3 thoughts on “2022 Senate Election – National Totals”

  1. Seat of Brisbane – Madonna J has finished second (11 votes) why was it declared for the greens?

    COMMENT: During the distribution of preferences from the four lowest polling candidates, the Green candidate moves ahead of Labor’s candidate resulting in Madonna Jarrett being excluded and electing the Green.

  2. There must be a better system than the current one,
    whereby preferences can & often do put lower polling candidates ahead. It seems odd to have people elected who have very low primary votes, don’t you think?

    COMMENT: Simple majority voting declares the candidate with the most first preference votes as the winner. Preferential voting does not, allowing a trailing candidate to win on the transfer of preferences from lower polling candidates. Lower polling candidates do not “often” win. Lower polling candidates win on preferences in fewer than one-in-ten contests. Candidates can be elected from low primary votes because preferential voting determines the winner not on first preference votes but on the vote after preferences.

  3. Can you tell what the first preference vote was for just Liberals and just Nationals. The claim by Liberals is it correct they have more than Labor?
    The coalition may have but that’s 2 parties, The seat count shows Nationals have nearly caught the Liberals.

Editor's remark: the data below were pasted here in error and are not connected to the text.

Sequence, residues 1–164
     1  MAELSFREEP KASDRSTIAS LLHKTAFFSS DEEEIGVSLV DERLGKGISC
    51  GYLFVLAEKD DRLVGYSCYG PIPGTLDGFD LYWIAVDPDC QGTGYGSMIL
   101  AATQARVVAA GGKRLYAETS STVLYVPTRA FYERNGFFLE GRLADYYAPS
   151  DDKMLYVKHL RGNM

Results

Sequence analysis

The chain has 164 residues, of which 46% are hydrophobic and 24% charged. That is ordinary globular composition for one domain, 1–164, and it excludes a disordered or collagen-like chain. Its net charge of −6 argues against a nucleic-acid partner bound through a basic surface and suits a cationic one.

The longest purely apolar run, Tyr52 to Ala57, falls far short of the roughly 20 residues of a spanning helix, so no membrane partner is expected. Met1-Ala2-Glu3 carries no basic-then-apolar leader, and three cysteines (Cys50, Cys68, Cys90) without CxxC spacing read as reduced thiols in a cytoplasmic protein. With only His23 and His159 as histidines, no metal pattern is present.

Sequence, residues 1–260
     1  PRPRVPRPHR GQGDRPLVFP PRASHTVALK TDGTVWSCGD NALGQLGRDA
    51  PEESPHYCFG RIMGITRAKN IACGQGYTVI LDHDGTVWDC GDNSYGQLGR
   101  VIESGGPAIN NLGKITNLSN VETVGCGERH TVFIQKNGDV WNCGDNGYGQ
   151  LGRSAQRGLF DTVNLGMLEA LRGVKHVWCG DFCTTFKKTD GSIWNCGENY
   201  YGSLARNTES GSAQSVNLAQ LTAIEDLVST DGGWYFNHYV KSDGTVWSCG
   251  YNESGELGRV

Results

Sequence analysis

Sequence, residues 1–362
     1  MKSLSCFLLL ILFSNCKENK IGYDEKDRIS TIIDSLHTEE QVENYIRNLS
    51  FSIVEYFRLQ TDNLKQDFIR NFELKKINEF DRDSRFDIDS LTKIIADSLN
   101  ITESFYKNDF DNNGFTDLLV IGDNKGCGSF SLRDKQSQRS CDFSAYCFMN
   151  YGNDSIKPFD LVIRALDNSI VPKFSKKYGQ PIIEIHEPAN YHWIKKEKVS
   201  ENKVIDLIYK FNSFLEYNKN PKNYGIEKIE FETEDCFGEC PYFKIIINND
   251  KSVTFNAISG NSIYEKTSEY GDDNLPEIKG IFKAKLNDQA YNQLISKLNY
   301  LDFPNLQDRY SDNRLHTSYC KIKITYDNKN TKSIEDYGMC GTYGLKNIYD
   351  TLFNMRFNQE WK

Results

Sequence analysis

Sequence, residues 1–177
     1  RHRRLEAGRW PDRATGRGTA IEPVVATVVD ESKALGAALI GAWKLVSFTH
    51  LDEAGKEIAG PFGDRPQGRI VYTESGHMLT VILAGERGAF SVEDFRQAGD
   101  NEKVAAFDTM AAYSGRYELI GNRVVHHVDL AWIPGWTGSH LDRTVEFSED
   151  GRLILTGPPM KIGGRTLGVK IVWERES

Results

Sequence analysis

COMMENT: If you are talking about the Senate then there is no point talking about separate party first preference totals. There are joint Liberal/National tickets representing the two parties in NSW, Victoria, under the LNP banner in Queensland and as the CLP in the Northern Territory. The other states and territories run single Liberal Senate tickets. There was a separate National Party ticket in SA that polled only 3,969 votes.

    If you are after separate House totals, you can find them separated onto the four Coalition Parties at this page on the AEC website.

    The seat totals for the Coalition House parties were Liberal 27, LNP 21 and National 10. The 21 LNP members elected from Queensland do not sit in the House of Representatives as LNP members. Instead they join either the Liberal or National party room. 15 sit as Liberals, six as Nationals making the numbers for the two parties in the House Liberal 42 and National 16. The numbers in the Senate are Liberal 26 National 6 making the overall Coalition totals Liberal 68 National 22.